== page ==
Pop singer hopes to bring opera to a wider audience
For singer Park Ki-young, the label of gyeongdannyeo - a recent term referring to women who interrupt their careers for family - doesn’t apply, even though she took a break from the music business to take care of her daughter.
She recently overcame a new challenge, releasing an operatic pop album titled “A Primeira Festa” on Wednesday in a first for any pop singer in Korea.
Park was encouraged to make the album after winning “Opera Star 2,” a survival TV competition for opera singing, in 2012. She became widely recognized as a pop singer with exceptional skills after wining in the show, but she couldn’t take her career further at the time because she gave birth to a daughter.
Her sleep deprivation and deteriorating voice almost kept her from progressing in the music industry. And she was further discouraged after her seventh album, released in 2010 before the opera show, didn’t get much attention.
However, despite these setbacks, she is gearing up again to claim her spot at the top of pop and classical music with the new album, proving that she can bounce back from any struggle.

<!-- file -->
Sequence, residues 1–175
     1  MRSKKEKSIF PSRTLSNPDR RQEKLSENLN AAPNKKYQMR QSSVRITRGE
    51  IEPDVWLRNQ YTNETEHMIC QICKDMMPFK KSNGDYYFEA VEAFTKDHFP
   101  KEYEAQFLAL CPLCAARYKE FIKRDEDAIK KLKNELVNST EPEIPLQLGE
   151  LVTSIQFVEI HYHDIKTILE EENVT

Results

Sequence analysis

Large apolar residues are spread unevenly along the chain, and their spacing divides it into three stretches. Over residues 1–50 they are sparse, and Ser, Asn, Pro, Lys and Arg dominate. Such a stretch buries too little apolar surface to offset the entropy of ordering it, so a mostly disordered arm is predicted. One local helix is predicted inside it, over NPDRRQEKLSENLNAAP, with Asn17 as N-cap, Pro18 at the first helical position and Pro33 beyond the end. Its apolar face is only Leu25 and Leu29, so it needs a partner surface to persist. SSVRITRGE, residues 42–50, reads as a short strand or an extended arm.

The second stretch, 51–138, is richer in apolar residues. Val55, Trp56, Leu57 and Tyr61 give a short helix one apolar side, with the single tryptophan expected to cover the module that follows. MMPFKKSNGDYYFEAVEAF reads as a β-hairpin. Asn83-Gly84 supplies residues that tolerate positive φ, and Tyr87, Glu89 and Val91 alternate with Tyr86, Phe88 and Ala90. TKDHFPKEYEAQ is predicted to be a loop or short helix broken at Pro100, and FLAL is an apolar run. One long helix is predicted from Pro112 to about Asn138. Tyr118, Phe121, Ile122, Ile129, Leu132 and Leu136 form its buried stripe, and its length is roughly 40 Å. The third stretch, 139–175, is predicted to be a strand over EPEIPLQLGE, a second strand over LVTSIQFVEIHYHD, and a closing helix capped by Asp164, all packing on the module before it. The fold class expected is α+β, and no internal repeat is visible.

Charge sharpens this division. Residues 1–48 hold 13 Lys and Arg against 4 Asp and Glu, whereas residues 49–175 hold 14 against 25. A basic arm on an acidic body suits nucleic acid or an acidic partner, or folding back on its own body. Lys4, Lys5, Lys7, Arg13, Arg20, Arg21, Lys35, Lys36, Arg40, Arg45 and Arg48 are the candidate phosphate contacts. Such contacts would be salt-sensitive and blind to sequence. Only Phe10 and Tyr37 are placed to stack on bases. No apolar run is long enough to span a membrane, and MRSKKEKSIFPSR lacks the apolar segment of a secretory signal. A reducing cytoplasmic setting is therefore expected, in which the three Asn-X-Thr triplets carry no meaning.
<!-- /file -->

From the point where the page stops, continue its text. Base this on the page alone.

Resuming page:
Q. How did you overcome challenges?
A. Whenever I feel like I’m becoming small, there are always some people who encourage me. For example, I made a song out of a poem titled “Agnes’ Song” from the movie “Poetry” by director Lee Chang-dong. When the director said that I have an amazing talent, I felt like the Park Ki-young who was crushed to pieces got put back together.
It is the first time for a Korean pop singer to release an operatic pop album. How do you feel about that?
I was actually more surprised to hear that I was the first pop singer to do such a thing. No matter how hard I try, I don’t think I can catch up with professionals who have been classical vocalists.
I took on the challenge in hopes that classical music will become more widely popular. I want to be the middle man so that many musicians from diverse genres can have easier access to classical music, so the overall market can grow bigger.
What made you decide to participate in a survival show for opera singing?
I said yes immediately after I got an offer to join the show because I like wearing pretty dresses and classical music. But I was stunned to learn that the show would be live. My fingers shook so much, if you had seen me singing.
You still get nervous after 17 years on stage since your debut?
When I was young, I was obsessed with being confident. But the more I get to know, the more I get scared. The temperature in the audience section is about 1.5 degrees Celsius (2.7 degrees Fahrenheit) lower than on the stage. The singer has the task of smoothly raising the temperature in the audience. You can’t really hide behind your fear, or be too confident.
BY HAN EUN-HWA [firstname.lastname@example.org]